Past Reviews

Regional Reviews: Albuquerque/Santa Fe

Love's Labour's Lost

Vortex Theatre
Review by Carla Cafolla

Also see Wally's review of The Seven and Dean's review of Tartuffe

Myriah Duda and Henry Sebastian Bender
Photo by Ryan Dobbs
"...a savage ... with imagination ..." said Voltaire of his one-time hero, Shakespeare. While D.H. Lawrence ruminated when reading Shakespeare, he was "struck with wonder that such trivial people should muse and thunder in such lovely language."

And lovely language it is, especially in this, director Shepard Sobel's presentation of William Shakespeare's Love's Labour's Lost. Shakespeare wrote his words to be spoken, not merely read; to be given voice and expressed with zeal. Under Sobel's tutelage, the cast do exactly that, with such casual fluency it was some moments before I realized it was the early modern English of the era I was appreciating and not verse, so frequently learned by rote and recited as a string of often incomprehensible syllables to an increasingly disengaged audience. With that, I relaxed and enjoyed my first viewing of this play.

Love's Labour's Lost is of Shakespeare's earlier comedies. In book form, it is a long, convoluted, repetitive chore to read. Brimming with endless alliteration, allusions and allegory, it can, and does, soon become hard work. On this stage however, with judicious whittling and sculpting, the 250+ audience are treated to a hilarious theatrical testimonial reminding us that the past is always present.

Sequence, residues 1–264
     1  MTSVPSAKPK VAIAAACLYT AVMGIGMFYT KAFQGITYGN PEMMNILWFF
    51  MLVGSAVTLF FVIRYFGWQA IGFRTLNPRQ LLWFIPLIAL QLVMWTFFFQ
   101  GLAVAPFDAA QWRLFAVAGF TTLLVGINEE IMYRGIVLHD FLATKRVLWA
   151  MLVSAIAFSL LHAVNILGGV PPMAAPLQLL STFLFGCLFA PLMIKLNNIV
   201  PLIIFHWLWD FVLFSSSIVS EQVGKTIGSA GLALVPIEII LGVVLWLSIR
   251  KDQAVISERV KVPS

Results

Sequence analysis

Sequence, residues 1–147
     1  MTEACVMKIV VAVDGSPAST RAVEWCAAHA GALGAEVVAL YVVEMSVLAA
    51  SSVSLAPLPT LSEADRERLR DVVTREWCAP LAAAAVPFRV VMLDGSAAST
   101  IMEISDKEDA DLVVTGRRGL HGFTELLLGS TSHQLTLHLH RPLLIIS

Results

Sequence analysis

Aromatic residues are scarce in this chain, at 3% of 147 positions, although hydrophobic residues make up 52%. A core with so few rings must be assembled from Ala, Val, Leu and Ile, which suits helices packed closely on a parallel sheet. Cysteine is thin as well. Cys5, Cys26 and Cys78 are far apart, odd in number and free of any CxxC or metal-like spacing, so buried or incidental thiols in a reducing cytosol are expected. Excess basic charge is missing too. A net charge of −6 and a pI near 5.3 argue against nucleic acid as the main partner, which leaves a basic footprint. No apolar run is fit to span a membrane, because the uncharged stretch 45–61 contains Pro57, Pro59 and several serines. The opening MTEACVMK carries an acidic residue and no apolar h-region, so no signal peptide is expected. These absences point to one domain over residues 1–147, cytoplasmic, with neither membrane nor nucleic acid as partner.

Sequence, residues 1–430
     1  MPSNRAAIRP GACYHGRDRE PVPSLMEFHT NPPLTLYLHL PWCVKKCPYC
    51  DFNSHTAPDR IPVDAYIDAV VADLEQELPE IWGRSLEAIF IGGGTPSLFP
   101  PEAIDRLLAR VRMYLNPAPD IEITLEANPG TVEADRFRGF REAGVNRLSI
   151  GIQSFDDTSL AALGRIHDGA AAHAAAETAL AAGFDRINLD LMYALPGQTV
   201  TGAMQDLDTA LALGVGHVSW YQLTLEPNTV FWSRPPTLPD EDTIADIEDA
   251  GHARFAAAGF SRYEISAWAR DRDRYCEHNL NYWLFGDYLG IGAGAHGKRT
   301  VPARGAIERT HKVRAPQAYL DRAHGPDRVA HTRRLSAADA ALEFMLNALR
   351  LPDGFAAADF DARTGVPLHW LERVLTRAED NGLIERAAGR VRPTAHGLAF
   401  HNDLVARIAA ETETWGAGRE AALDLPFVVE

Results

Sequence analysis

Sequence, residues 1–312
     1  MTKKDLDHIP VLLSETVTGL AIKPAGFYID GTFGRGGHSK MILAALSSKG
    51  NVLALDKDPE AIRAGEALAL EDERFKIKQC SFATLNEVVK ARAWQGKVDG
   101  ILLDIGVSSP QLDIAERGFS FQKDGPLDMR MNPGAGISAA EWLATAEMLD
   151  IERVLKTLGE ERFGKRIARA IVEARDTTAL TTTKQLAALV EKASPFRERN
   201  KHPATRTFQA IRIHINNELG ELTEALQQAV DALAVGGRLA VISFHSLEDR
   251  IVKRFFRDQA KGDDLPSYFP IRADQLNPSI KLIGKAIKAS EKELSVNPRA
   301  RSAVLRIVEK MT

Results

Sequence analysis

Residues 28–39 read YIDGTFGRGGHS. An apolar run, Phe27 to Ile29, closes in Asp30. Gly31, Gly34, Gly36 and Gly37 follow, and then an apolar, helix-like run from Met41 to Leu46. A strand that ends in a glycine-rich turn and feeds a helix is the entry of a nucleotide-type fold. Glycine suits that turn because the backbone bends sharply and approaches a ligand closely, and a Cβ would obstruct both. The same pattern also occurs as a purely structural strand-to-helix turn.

We meet Ferdinand, (Nicholas Johnson), King of the mythical Navarre, who smugly and with pompous self-assurance, decrees his kingdom is to become an "academe," and for three years all male residents (willing or otherwise) are to devote themselves to study and fasting, and refrain from social (or any variety of) intercourse with members of the female sex. The penalty women face if found within a mile of a man is to have their tongue cut out, while the men face a sentence of a limited period of semi-starvation. The king's three companions, Lord Berowne (Henry Sebastian Bender), Lord Longaville (James Edward O'Keefe), and Lord Dumaine (Emiliano Aguilar) sign the decree, vowing to obey, with varying amounts of enthusiasm.

When the Princess of France (Stephanie Grilo) with her three companions Lady Rosaline (Myriah Duda), Lady Maria (Christa Bell), and Lady Katharine (Amie Tennant) in addition to her manservant Boyet (Carl Savering) come to visit on royal business, King Ferdinand houses them in a field, a mile away from the palace. The usual high jinks ensue, involving the royal parties and the villagers; the king falls in love with the princess, and the lords with the ladies. A visiting Spaniard, Don Adriano de Armado (Jeff Dolecek), is, unknown to others, in love with the wench Jaquenetta (Hanna Cooper), who was found in the company of the local clown Costard (Vincent Marcus Kirby), who in turn is sentenced to the custody of non other than Don Adriano de Armado. Jacquenetta, tongue intact, is sent off to become a farmhand.